Regarding Autostitch there is no native version working under Linux and I'm not sure if it would work under Wine, need to check it out later.

Quote
I know with the one shot I worked on, a little bit more on the sides (especially the mountains to the left) would have been great.  It is a great way to take landscape photos, even at a normal aspect ratio, take a small pano series (3-4 shots, lots of overlap) in portrait, stitch them together and crop to a natural landscape aspect ratio (3:2).  The trick to good panos is to rotate about the correct point, not the sensor plane or the camera body, but the point where the aperture blades appear to be by looking at the lens (not actually are).  Doing this minimizes the parallax shift and if you nail the location, completely eliminates it.
Thanks for advices, it's really appreciated!:)

« Reply #30 on: April 01, 2008, 16:36 »
0
My camera output 4mp images, so I wonder if anyone can tell that images done with low resolution camera are likely to be ignored by buyers and most likely go for higher resolution alternatives?

Have you tried Mostphotos? Their minimum is 4MP and there is no reviewing, so you won't have any rejections. The buyer can have a 100% zoom and decide if the quality is sufficient. Plus, you get much more per sale than at the micros.

« Reply #31 on: April 01, 2008, 16:43 »
0
Hi Tom, thanks for suggestion! I didn't tried them yet, only registered with stocks from big6 except SS.
Do you have steady income from there or it's rather occasional?

« Reply #32 on: April 01, 2008, 17:38 »
0
Hi Tom, thanks for suggestion! I didn't tried them yet, only registered with stocks from big6 except SS.
Do you have steady income from there or it's rather occasional?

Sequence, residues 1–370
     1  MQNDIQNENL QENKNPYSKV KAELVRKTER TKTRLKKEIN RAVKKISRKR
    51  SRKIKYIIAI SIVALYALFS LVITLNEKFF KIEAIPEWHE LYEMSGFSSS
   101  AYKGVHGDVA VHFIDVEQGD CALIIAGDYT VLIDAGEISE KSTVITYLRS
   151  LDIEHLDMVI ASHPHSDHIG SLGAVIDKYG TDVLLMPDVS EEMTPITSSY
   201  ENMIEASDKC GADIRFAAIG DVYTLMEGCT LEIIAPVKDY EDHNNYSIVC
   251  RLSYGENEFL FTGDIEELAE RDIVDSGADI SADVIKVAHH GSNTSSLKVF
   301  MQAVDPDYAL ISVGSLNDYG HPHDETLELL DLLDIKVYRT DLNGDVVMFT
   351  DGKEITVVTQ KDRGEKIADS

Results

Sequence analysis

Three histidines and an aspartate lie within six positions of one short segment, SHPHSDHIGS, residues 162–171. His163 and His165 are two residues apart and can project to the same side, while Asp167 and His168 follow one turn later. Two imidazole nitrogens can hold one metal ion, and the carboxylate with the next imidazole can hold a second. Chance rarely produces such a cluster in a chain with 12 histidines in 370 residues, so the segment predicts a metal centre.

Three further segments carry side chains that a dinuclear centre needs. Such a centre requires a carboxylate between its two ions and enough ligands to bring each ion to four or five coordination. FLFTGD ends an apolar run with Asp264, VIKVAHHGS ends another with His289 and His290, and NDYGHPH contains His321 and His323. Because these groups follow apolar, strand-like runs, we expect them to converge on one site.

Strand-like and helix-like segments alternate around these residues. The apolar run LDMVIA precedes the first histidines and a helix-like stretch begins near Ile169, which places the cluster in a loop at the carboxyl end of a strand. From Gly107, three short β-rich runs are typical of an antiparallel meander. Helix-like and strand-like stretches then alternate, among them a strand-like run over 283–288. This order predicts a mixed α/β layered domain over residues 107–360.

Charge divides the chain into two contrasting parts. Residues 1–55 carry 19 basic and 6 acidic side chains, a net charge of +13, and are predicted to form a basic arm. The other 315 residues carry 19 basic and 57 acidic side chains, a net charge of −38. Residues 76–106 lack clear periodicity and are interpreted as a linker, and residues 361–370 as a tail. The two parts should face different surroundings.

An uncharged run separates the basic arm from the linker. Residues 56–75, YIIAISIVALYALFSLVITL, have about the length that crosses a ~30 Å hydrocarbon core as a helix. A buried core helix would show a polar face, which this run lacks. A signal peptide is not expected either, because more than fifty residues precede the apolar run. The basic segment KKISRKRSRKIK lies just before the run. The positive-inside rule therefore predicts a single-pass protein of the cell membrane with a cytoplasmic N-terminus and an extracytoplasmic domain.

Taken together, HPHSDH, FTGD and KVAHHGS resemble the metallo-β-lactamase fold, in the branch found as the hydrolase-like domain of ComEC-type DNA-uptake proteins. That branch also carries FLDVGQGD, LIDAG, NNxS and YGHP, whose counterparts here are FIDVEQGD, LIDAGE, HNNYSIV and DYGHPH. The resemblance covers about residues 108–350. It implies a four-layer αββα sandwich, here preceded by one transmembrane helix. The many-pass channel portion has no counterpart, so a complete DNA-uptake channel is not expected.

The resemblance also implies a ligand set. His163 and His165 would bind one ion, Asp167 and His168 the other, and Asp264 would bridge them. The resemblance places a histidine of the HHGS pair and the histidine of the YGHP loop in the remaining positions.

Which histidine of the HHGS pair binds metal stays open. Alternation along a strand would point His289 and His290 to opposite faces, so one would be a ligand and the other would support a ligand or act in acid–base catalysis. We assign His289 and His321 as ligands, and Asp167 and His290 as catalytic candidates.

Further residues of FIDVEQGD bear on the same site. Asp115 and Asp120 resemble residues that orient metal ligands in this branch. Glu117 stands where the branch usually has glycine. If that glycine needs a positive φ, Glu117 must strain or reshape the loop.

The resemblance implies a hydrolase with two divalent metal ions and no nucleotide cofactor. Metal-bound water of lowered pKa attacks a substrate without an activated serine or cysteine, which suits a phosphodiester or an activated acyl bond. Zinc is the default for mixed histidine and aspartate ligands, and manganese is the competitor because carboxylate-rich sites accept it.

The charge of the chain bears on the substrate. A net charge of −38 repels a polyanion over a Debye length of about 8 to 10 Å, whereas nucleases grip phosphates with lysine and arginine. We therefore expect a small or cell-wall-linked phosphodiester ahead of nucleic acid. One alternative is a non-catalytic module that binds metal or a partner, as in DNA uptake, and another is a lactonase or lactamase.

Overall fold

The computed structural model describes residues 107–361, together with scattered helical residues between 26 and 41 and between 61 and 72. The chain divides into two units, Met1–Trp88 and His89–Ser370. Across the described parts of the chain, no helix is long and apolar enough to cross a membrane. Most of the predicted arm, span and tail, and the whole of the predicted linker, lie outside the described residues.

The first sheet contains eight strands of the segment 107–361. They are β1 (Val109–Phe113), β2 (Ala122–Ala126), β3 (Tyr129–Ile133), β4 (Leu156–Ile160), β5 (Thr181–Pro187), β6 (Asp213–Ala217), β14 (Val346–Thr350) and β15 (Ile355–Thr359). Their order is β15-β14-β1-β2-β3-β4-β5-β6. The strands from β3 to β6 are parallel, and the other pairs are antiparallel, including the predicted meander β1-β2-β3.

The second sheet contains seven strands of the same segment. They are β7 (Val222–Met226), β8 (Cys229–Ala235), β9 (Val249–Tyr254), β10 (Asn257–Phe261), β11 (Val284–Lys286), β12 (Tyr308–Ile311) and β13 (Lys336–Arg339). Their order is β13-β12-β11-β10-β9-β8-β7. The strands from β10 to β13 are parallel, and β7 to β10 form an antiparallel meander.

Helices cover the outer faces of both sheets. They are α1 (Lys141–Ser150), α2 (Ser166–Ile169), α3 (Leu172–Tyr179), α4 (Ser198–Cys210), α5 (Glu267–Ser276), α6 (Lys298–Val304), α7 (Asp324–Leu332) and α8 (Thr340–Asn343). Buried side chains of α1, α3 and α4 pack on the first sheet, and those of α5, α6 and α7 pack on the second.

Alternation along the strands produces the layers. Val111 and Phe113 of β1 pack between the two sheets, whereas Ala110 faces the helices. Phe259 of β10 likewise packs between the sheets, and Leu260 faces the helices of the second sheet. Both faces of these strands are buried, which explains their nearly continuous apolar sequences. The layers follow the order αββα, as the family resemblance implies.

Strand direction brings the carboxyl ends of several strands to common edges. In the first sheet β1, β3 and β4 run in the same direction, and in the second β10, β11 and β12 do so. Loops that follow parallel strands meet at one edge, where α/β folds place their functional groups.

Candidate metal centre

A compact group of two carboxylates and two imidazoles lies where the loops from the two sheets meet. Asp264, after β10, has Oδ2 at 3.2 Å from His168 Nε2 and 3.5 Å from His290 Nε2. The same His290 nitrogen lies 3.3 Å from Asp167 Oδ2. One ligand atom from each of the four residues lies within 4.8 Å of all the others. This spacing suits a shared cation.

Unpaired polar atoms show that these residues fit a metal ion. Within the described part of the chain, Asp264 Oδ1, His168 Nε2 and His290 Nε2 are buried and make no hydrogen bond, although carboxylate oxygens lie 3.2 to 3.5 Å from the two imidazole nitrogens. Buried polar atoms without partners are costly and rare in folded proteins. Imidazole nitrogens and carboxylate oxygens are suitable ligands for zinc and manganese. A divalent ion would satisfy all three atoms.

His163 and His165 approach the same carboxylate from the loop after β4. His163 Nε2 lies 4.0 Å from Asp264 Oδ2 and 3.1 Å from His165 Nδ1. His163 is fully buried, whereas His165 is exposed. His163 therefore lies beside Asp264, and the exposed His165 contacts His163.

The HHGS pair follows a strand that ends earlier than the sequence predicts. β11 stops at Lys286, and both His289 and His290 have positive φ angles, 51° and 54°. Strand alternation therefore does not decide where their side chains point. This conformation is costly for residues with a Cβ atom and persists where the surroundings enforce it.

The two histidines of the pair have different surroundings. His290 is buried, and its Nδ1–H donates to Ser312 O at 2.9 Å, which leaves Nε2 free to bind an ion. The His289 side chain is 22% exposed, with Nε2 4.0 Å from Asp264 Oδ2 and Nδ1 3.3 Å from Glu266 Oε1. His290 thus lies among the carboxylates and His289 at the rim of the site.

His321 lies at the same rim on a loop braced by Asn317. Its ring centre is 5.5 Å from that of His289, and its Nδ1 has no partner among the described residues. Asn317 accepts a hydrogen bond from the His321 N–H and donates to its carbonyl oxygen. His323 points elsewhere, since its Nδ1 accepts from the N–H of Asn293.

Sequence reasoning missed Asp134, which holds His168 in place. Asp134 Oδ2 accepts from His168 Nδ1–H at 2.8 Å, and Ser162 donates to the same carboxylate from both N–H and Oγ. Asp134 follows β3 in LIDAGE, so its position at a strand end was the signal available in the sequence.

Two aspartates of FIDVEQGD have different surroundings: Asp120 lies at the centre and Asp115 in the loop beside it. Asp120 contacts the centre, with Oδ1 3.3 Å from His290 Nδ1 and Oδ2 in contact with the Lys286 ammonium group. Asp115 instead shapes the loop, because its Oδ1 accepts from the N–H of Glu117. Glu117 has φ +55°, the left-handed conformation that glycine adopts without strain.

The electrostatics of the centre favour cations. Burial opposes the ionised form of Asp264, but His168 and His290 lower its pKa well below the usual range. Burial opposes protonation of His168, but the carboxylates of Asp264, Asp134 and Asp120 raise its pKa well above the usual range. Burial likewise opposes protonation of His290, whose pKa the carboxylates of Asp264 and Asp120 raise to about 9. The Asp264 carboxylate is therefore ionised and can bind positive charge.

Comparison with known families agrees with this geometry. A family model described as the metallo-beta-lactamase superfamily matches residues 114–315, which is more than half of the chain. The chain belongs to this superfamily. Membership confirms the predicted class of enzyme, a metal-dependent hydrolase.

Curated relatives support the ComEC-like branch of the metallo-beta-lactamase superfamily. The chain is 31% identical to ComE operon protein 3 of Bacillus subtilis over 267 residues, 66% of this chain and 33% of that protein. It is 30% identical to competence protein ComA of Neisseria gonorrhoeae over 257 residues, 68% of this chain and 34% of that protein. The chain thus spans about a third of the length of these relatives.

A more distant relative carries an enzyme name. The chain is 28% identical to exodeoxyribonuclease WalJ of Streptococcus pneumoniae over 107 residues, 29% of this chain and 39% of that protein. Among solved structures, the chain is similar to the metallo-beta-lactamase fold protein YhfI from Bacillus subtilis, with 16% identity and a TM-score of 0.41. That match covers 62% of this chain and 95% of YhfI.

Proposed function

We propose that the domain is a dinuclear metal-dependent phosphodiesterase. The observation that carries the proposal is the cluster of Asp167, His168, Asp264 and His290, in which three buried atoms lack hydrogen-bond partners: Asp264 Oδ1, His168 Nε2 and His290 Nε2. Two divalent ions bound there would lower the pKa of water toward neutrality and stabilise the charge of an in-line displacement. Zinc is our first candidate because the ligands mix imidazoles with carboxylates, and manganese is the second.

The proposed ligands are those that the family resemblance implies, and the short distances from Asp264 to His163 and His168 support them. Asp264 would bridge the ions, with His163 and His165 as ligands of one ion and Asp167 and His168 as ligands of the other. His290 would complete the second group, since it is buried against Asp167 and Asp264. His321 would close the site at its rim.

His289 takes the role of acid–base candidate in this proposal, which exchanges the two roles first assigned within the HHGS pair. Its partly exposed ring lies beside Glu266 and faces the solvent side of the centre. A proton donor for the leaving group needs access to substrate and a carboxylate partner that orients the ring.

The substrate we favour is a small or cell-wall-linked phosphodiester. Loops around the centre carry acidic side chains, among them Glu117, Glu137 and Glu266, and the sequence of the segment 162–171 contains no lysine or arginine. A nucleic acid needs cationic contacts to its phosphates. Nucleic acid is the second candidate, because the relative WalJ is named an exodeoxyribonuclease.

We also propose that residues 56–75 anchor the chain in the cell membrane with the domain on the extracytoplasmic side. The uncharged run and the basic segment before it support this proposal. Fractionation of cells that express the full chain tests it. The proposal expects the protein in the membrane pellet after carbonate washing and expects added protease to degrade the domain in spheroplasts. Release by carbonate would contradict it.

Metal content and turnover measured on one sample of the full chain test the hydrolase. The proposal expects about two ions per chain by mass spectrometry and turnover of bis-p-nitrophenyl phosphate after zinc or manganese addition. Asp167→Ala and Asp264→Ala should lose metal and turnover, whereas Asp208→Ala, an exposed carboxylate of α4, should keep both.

I don't have a steady income from them, but I joined in March and have only 19 images there. On midstock sites sales are not so frequent as on the micros, but each sale brings you much more money.
I am going to stay with SS and IS, but concentrate on the midstocks and macros.

One sale on Mostphotos will earn you more than 70 micro-sales on SS. And of course there are also other midstock sites.

Some of the members of this forum report sales on MP, so I think uploading there will bring profits, the site definitely does have customers.

On MP you won't have to care about noise from your camera, just submit there images that the buyers might want, and they will decide. Once you upload your images, they are instantly available to buyers. I think this site is worth trying.

« Reply #33 on: April 01, 2008, 18:24 »
0
Thanks for info, Tom!
Can you tell if you submit same photos into midstock as on micros or you have separate collection? As it wouldn't be fair to sell same images with so different pricing.

« Reply #34 on: April 01, 2008, 19:06 »
0
Thanks for info, Tom!
Can you tell if you submit same photos into midstock as on micros or you have separate collection? As it wouldn't be fair to sell same images with so different pricing.

Because I have a small digital portfolio, some of my images overlap in both price segments. I joined midstock sites very recently, so I am testing what is accepted where.

But you are right, and that's why I will upload premium content to sites that pay decent rates. Micro sites will receive from me only generic shots that may bring repetitive downloads or images rejected by midstock and macro sites.
Delivering landscapes or cityscapes to micro sites (apart from IS & SS) is IMHO a waste of time.

Currently I am working on an exclusive collection for Imagepoint, but that is a macro agency, they require exclusive images, but pay really well (above 100EUR).


 

Related Topics

  Subject / Started by Replies Last post
0 Replies
2812 Views
Last post March 11, 2007, 19:45
by mangia
10 Replies
3316 Views
Last post January 16, 2008, 20:12
by a.k.a.-tom
22 Replies
8199 Views
Last post April 23, 2008, 02:33
by .shock
1 Replies
2279 Views
Last post March 26, 2008, 11:21
by jsnover
3 Replies
471 Views
Last post September 13, 2019, 05:46
by gillian vann

Sponsors

Microstock Poll Results